Dead Posey Interview / Malfunction is a wholly mesmerising sonic landscape

Dead Posey are a dark and brooding rock duo made up of Danyell Souza (vocalist and producer), and Tony F. (producer and multi-instrumentalist), whose music intersects the macabre and evocative, with a smattering of irony and black humour, while keeping it introspective and thought provoking. This unique admixture creates a wholly mesmerising sonic landscape for the listener to get lost in.

DEAD POSEY – Malfunction EP – Sumerian Records

Release Date: 19 June 2020

Words: Erik Damian

Back with their second EP, ‘Malfunction’, which is the follow-up to their spectacular debut ‘Freak Show’, Dead Posey have crafted a world from the darkest recesses of their minds.

Picture a movie directed by David Lynch, with Salvador Dali responsible for the set design, Edgar Allan Poe as principal writer, and Dead Posey providing the soundtrack, and you can begin to understand the journey this short, but perfectly formed EP is about to take you on.

Photo of EP Cover fo Malfunction, from Dead Posey

Breaking down the tracks, the EP opens with Head of the Snake’, a song about breaking through perceived barriers, and the strength in perseverance. It has such a frenetic energy about it that it’s almost impossible to listen to that song without some part of your body starting to subconsciously move, and feeling like you just want to get up and mosh about the room.

‘Parasite’ slithers into the consciousness like some kind of Lynchian nightmare from the Black Lodge. Bad Things’ has that brilliant stomp-beat, with that discordant dirge of sound layered over it, but what I particularly like about it is the dry humour that seems to pervade the lyrics.

In a world of superficial lyrics, it’s particularly nice to find another artist who puts some thought into what they are crafting. Final track ‘Holy Roller’ just finishes off the EP in expert fashion, and of course leaves you wanting more. I can imagine this one will go down a storm live.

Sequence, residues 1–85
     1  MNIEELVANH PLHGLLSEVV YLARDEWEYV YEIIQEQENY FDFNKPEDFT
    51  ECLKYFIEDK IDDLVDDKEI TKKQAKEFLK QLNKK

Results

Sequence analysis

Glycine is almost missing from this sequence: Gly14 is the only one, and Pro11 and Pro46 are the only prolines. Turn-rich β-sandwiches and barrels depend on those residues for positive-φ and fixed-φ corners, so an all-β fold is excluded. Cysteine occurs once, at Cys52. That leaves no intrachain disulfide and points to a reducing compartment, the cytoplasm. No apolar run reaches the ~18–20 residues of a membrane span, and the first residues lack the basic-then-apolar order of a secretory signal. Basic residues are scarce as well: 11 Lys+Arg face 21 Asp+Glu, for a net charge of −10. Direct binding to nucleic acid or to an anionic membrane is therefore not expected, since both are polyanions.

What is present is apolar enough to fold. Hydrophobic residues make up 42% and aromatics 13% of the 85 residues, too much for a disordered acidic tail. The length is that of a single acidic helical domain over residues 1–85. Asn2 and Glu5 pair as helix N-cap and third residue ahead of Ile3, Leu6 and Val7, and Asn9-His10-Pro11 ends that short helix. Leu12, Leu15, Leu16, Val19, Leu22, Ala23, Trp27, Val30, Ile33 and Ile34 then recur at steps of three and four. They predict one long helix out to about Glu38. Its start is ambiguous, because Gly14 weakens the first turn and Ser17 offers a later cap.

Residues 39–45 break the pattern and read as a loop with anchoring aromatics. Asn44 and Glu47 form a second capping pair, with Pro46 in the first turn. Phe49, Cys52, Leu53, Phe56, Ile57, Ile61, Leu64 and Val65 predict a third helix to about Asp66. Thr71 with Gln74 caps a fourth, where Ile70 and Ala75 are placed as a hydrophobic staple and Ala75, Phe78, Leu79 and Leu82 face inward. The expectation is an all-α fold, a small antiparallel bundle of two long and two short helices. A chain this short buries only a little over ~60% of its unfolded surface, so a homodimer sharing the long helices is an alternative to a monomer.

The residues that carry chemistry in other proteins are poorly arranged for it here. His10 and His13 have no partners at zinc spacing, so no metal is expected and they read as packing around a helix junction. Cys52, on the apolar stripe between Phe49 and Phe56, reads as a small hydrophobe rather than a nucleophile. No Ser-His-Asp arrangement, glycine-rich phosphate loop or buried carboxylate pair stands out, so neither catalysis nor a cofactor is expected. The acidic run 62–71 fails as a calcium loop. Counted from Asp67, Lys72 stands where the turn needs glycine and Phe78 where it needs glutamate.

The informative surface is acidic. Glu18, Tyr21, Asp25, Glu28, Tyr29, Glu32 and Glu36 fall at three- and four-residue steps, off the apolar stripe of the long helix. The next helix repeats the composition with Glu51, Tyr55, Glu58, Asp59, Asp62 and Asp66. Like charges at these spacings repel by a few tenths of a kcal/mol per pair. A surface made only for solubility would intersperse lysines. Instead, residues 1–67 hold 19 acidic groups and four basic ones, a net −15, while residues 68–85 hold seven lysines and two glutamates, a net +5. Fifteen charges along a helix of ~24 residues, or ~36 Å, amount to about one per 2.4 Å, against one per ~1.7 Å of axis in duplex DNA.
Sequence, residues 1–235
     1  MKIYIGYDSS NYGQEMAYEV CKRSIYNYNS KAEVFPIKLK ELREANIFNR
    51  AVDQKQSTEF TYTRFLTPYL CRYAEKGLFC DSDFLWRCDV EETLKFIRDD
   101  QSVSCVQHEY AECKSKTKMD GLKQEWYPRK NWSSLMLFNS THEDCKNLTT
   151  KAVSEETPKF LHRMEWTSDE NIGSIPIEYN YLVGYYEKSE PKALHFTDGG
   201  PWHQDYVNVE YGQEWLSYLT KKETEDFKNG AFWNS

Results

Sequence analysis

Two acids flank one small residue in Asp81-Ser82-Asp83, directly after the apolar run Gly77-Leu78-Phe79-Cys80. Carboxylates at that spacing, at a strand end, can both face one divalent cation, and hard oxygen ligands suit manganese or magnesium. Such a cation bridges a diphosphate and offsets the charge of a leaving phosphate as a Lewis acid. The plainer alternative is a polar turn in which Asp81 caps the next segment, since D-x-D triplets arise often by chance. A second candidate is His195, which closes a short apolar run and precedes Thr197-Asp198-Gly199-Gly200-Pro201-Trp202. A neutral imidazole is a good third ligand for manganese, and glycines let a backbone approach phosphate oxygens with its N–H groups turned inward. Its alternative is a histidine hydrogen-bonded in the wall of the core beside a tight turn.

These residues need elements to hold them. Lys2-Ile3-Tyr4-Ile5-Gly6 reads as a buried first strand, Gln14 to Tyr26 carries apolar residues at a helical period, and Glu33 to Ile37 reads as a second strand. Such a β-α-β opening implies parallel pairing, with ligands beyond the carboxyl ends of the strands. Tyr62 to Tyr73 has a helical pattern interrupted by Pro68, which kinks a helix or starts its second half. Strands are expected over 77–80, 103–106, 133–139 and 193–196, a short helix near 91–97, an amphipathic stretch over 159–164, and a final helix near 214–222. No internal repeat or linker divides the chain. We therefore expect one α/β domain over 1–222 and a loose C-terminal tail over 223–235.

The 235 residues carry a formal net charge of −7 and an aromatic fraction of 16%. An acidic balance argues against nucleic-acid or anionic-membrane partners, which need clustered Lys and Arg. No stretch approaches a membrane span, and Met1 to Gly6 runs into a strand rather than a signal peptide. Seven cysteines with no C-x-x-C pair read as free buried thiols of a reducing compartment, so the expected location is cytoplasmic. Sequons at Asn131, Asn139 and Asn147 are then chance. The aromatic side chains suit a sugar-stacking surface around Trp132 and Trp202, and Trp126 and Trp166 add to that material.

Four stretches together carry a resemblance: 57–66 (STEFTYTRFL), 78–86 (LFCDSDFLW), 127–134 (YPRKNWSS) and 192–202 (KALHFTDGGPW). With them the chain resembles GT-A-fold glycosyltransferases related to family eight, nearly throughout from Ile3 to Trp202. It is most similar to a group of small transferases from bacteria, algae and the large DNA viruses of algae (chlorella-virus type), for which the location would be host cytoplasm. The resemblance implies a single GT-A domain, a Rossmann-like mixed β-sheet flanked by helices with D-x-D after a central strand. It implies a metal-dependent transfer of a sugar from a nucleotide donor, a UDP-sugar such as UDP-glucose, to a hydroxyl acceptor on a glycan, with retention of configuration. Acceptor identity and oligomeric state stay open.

At first their overall sound reminds me of a love child of the Pretty Reckless and Marilyn Manson, but it soon becomes clear that it’s very much their own sound.

The deeper you go, I can easily draw parallels to NIN, and The Orgy, but also great electro-pop bands of the 80s like the Eurythmics, New Order, Falco, Soft Cell, and Depeche Mode – maybe even a touch of Peter Gabriel when it comes to the dark narratives.

Danyell agrees that I named a few, adding that her influences encompass “The Kills, Marilyn Manson, NIN, Depeche Mode, Garbage, and Joy Division. I tend to lean toward artists and bands that are provocative and have sensuality and depth to them. Basically, anything dark, twisted and a little otherworldly is alluring to me.”

Musing on my thoughts, Tony adds, “I wouldn’t say a conscious influence, but the band’s you mentioned in British 80’s New Wave is a big part of the foundation musically for my whole life, esp. Depeche Mode & Peter Gabriel. I think it creeps in in terms of the melody, mood, sonics and arrangements in our music and this EP especially.”

Photo of Dead Posey

When pressed on whether they would consider a particular song as a defining track in their creative development, they offered this understandable explanation: “It’s hard to choose one. The contrast between melody and dark subversive themes, with carefully constructed arrangements and production elements that really jump out of the speakers are traits shared by all of our favourite artists, which we try to incorporate in our music.

“Depeche Mode has so many classic songs – personal favourites are ‘Policy of Truth’, ‘Personal Jesus’, and ‘Home’. It’s why we like Manson songs like ‘KILL4ME’ and ‘Dope Show’, or the Kills ‘Doing It To Death’ & ‘Black Balloon’.”